So finally I had to take Stefan’s advice. Having upgraded to Wordpress 2.8.5 over at the Free Our Data blog (where I’ve been having problems with a hacker who’s been inserting spam links invisibly into the end of the page), I …
Oh. And while I was writing that, I noticed - from the FTP transfer that was going on to do a second comparison - that there are a ton of spam pages in the site. Sodding hackers.
Anyway. I downloaded the entire blog content, and then ran a diff - that is, Filemerge (which comes with the Apple Developer Tools, free on your OSX install disk). It compares the content of any set of files, or directories.
Of course the site I’d downloaded was pretty old, and had been upgraded loads of times, so there were loads of files that were on the left (old) and not on the right (new). They just hadn’t been deleted.
Slogging on… I came across a Wordpress page which explains which files have been deleted in the move up from 2.7 to 2.8. It’s a useful list and I was working my way through it. Slowly.
By now I’d got to
blog/wp-includes/js/tinymce/themes/advanced/skins/o2k7/ and was starting to marvel at how deep Wordpress is. When I came across a rather odd one - ui.php - which had the interesting opening:
Codz by angel(4ngel)
Make in China
Hmm, is it very likely that a valid Wordpress file would really have that sort of comment? And more telling was that when you loaded it in a PHP editor with live PHP generation, you get this:
Which in essence says: oh, lordy, you’ve been hacked.
Much digging around followed. It’s a fascinating file: it allows the hacker to download your database, and possibly upload chunks as well. I’m going to have to do an SQL dump now to see whether the content of older posts has been hacked (a favourite trick, apparently).
I also discovered a slew of website pages hidden in a directory called “Online” in the “Default” theme folder - which of course every Wordpress install will generally have, so that’s a smart place to put it. (That also makes it a good one to delete.)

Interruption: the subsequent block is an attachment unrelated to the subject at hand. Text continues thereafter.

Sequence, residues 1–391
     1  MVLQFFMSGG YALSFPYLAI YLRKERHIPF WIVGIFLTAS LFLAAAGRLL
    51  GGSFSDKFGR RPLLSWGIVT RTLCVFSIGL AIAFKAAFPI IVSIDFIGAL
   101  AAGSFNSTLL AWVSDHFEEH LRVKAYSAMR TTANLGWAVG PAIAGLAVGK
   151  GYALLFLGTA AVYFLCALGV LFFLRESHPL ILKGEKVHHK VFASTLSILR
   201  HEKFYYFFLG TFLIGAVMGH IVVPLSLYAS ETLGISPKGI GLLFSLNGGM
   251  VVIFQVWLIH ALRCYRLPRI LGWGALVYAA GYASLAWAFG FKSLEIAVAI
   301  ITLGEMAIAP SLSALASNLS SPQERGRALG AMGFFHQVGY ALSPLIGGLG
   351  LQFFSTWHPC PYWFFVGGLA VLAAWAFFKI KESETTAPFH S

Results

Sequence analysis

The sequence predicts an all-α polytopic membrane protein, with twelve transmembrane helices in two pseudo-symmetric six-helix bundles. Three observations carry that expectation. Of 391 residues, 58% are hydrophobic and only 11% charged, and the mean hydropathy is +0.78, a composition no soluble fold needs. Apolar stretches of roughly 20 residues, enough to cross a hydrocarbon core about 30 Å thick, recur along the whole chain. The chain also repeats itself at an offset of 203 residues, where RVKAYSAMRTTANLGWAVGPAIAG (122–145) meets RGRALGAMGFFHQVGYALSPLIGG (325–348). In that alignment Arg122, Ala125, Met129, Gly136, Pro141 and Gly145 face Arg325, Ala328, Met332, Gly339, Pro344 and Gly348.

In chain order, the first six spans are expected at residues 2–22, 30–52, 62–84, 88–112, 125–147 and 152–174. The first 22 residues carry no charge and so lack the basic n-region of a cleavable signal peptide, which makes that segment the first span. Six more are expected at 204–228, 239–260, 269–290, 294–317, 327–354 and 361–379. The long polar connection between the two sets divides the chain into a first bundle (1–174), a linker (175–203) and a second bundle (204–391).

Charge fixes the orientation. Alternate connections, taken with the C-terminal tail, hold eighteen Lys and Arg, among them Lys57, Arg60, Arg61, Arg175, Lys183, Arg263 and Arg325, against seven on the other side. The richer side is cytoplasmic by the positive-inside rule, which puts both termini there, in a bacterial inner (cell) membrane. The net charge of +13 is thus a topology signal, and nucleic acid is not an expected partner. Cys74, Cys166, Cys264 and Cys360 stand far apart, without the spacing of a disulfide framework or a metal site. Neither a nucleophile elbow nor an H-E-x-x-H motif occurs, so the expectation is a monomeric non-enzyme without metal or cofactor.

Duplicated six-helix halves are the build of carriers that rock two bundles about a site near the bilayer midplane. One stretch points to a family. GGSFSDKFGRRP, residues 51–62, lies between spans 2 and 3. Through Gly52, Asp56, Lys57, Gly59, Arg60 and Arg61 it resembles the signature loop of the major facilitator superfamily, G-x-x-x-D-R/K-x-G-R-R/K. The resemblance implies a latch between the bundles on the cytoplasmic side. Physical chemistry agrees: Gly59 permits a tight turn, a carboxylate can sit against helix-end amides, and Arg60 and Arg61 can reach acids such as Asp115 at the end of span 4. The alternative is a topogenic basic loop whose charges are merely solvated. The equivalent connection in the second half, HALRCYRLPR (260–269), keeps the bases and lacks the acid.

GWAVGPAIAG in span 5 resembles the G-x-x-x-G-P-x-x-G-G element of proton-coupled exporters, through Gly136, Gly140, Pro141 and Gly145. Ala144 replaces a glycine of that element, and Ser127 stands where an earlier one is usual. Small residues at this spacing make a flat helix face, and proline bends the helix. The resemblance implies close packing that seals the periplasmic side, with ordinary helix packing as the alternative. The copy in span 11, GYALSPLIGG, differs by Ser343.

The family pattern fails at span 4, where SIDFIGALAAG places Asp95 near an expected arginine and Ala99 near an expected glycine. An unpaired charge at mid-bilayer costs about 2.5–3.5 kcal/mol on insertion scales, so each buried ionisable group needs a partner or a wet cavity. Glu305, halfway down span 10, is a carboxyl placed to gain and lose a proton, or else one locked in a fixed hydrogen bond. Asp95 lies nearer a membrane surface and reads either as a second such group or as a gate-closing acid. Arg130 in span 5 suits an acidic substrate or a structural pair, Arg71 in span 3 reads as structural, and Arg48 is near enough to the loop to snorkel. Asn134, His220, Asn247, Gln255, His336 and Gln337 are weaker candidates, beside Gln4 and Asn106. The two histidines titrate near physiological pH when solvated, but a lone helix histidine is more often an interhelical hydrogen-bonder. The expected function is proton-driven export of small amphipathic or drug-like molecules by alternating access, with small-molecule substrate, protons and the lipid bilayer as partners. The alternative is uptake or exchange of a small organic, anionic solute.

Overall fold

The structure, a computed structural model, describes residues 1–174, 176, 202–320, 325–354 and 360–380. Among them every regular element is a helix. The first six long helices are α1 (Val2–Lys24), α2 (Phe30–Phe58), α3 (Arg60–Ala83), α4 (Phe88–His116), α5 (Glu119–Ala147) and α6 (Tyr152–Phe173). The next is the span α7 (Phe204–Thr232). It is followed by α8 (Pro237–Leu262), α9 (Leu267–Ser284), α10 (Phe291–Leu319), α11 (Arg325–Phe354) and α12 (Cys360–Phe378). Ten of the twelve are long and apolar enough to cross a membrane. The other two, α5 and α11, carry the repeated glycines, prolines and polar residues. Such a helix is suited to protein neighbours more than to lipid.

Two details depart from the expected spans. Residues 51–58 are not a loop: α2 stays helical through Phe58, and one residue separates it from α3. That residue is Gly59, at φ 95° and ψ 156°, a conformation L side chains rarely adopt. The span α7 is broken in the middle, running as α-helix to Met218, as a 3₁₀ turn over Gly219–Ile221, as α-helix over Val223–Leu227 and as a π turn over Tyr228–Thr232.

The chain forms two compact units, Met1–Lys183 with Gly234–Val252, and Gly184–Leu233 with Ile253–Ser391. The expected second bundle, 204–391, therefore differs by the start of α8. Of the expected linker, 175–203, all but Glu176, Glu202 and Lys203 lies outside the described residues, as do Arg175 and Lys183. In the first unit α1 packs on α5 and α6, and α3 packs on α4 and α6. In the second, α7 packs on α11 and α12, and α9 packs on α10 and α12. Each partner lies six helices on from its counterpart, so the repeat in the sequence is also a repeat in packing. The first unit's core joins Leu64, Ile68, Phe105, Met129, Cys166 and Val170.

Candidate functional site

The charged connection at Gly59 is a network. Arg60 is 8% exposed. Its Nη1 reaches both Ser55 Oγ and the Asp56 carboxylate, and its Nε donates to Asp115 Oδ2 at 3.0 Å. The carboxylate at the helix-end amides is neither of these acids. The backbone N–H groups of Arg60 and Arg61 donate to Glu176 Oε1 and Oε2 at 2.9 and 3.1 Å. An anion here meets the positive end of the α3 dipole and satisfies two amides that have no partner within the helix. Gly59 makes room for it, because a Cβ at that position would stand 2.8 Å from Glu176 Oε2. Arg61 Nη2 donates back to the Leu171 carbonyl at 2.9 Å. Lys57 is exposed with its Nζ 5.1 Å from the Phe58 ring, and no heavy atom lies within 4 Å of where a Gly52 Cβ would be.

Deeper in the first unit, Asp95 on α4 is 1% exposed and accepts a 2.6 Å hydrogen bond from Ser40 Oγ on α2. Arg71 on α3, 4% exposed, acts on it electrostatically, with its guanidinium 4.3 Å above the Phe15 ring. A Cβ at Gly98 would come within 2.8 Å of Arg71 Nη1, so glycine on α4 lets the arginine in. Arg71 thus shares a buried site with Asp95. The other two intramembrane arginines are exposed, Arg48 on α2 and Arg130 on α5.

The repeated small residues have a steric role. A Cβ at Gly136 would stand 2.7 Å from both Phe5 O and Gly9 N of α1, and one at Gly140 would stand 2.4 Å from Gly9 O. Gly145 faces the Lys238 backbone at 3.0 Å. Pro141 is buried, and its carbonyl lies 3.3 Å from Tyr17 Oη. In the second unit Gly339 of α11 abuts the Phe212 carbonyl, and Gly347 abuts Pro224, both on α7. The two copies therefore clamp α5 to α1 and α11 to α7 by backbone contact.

But as far as I can tell, the site is clean now. My best guess for how they did this is that it was one of the Wordpress weaknesses via user registration - this one? This one? There are so many to choose from - and that it’s been sitting there for an age, just waiting to be exploited, or perhaps being exploited and I didn’t spot it. (Certainly neither Google’s indexing nor I discovered the hack of the /default/images folder - which is intriguing. Have you checked that folder lately?)
I hope this is the end of the tale. I’m not pinning everything on it though.
One other point: thanks again to Stefan Pause, who has helped a lot on this (what’s your site, Stefan?) I’m now alerted to the Wordpress Exploit Scanner plugin, which will look through your site and find any suspicious CSS, HTML or similar. It reckons that there’s nothing suspicious in the older posts. Good-o, though I’d like to (and will) make sure myself.
Endnote: interestingly, Google won’t allow the ui.php file to be emailed, even in zip form. (I wanted to send it to my web host to explain what I’d found and tell them to search for it.) So obviously Google Mail’s already got some sort of hashing going on to detect malware being passed around. Impressive.
The hackers? Boring, really, that this sort of endless diversion from site to site is how they make their money. All that enthusiasm and knowledge and ability, turned to trying to persuade people lacking self-esteem to buy pills of unknown quality from sites of extremely dubious status. Isn’t there something better we could do with all our time here?
Super-endnote: And then I find another file - this one at /wp-includes/Text/Renderer/Diff/ where there was one called online.php (a bit of a clue by now, because it’s all about “online” crap these guys are selling.)
The WP Exploit Scanner tipped me off - it notes that it’s a base_64 command, which usually means “something to hide”.
(You can see the full-size thing at Flickr.) And hey - what is it about hackers and the black backgrounds? Too much watching the Matrix, I think. Forget it, guys - you’re not The One, you’re pushing junk pills.
- These posts might be related (the database thinks..):
- Cat and mouse with a hacker (13 September 2009; score: 50.62%)
- Tricks of the Trade (26 August 2004; score: 37.82%)
- The hacker leaves more footprints... but how many sites have this problem? (16 October 2009; score: 33.34%)